Responding to this humanitarian crisis in Syria, La Chaîne de l’Espoir has been mobilized since November 2012 in Jordan to improve access to surgical health services for young vulnerable children, both refugees and Jordanian. Starting in 2014, La Chaîne de l’Espoir has been conducting cardiac surgery missions in Jordan for vulnerable children with heart diseases, mainly congenital defects. More than 75 children have been operated on since 2014. In August, a new paediatric surgery mission was held in Amman with a financial support from the European Union – Humanitarian Aid and Civil Protection (ECHO).
Late August 2017 La Chaîne de L'Espoir and Chain of Hope UK teamed up to complete a new cardiac mission in Amman, Jordan. Chain of Hope UK bought out a team of nurses, surgeons, intensivists, anaesthetists and perfusionists. The team was diverse with intensivists from Norway, surgeons from Denmark and Uganda along with others coming from all over of the UK.
In the course of the mission, 40 patients got consultations and 9 were operated on. The children ranged between 8 months and 18 years and most of them came from the Za’atari camp on the border of Syria and Jordan. The Za’atari camp is recorded to have a population of almost 80,000, out of which 57% are under 24, 19.9% of whom are under 5 years old (source: UNHCR). Originally designed to hold only 60,000 refugees, Za’atari camp is now the fourth largest city on Jordan. Although health care is available within the camp, it is limited, mainly to primary healthcare, so La Chaîne de L'Espoir and Chain of Hope UK have completed several missions in Amman working with children from the camps. During the mission the team worked in cooperation with the staff at the Gardens hospital and performed a variety of cardiac surgeries, focusing on congenital defects such as atrioventricular septal defects. Left untreated however these septal defects may lead to pneumonia, congestive heart failure and increased blood pressure.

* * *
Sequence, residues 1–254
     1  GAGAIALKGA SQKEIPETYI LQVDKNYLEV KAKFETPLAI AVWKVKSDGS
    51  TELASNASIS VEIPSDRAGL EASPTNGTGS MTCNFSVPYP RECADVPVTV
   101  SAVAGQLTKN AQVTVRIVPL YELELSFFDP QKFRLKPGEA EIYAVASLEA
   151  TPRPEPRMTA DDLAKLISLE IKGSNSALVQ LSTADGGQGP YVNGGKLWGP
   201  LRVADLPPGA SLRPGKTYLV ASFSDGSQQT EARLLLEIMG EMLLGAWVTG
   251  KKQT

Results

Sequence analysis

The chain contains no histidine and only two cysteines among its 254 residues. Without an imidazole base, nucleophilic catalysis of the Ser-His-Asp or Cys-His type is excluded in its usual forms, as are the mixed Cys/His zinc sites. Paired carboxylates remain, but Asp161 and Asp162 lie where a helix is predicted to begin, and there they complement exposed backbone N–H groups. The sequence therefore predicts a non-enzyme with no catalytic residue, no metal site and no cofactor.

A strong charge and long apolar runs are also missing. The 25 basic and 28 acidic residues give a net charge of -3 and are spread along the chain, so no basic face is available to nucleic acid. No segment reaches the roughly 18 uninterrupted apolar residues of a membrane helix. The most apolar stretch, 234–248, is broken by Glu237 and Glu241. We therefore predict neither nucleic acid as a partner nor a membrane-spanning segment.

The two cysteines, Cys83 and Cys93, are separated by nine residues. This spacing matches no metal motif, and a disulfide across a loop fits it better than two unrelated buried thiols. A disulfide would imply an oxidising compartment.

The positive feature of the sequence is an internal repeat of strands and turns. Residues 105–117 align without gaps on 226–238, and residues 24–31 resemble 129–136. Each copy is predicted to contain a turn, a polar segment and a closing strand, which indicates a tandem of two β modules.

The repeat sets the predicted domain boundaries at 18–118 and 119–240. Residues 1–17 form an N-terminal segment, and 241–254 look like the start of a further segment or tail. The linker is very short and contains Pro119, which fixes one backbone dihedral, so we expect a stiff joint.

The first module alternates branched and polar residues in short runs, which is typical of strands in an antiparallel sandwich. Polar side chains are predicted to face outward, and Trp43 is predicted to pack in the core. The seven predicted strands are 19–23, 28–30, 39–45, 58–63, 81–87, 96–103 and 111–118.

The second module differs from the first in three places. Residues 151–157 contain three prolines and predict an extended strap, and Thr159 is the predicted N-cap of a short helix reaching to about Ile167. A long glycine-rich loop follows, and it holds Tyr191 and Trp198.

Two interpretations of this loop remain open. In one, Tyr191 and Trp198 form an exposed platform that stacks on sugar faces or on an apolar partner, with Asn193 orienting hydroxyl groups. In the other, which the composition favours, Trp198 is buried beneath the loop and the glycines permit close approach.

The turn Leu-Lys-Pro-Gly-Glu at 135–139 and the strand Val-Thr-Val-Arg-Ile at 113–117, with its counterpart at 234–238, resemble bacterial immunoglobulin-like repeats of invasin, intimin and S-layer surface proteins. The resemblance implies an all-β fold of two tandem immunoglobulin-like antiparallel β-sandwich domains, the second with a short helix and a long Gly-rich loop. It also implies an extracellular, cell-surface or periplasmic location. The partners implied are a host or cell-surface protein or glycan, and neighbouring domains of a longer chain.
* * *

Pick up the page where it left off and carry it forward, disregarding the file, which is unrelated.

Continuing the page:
Noor a seven-year old girl from the Za’atari camp came in with a striking story. Born in Syria, she had to move to Jordan to live with her aunt and uncle as she was left without parents. Noor was referred to La Chaîne de L'Espoir via a doctor within the Za’atari camp. Noor came in with blue lips and fingernails and was suffering from an atrial septal defect. She was the team’s first case and was a great success; by the next day she had walked herself out of the ICU. Despite her tough start in life, Noor is in first grade and when she’s not busy colouring on the walls she hopes to become a teacher. Within the Za’atari camp there are 3 schools although attendance rates are startlingly low. Three days after the operation, Noor was leaving with her aunt, uncle and cousins, looking forward to returning to school and her friends.
Some of the children operated on were born within the Za’atari camp itself like 8 month old Eleas and his 19 year old mother. Eleas' defect was discovered at birth by the paediatric unit in Jordan and he was referred to La Chaîne de L'Espoir by them. Despite complications after surgery due to a chest infection, Eleas will now lead a normal life, free of cardiac problems.
Led by the two surgeons Professor Vibeke Hjordtal from Denmark and Dr Michael Oketcho from Uganda, the team not only worked to perform the nine cases to the highest standard but also worked with the doctors in the Gardens hospital to provide further knowledge. The nurses were highly involved in guiding and working with local staff. Despite initial differences, specifically around women in the work place, by the end of the week the nurses were working well with the local staff to provide care.
The whole mission was funded by the European Union and has provided 9 children with an amazing increased in quality of life. There are more missions planned to Jordan, orthopaedic and cardiac, the soonest being in October.
For this programme, we have received ECHO funding from the European Union to support our operations.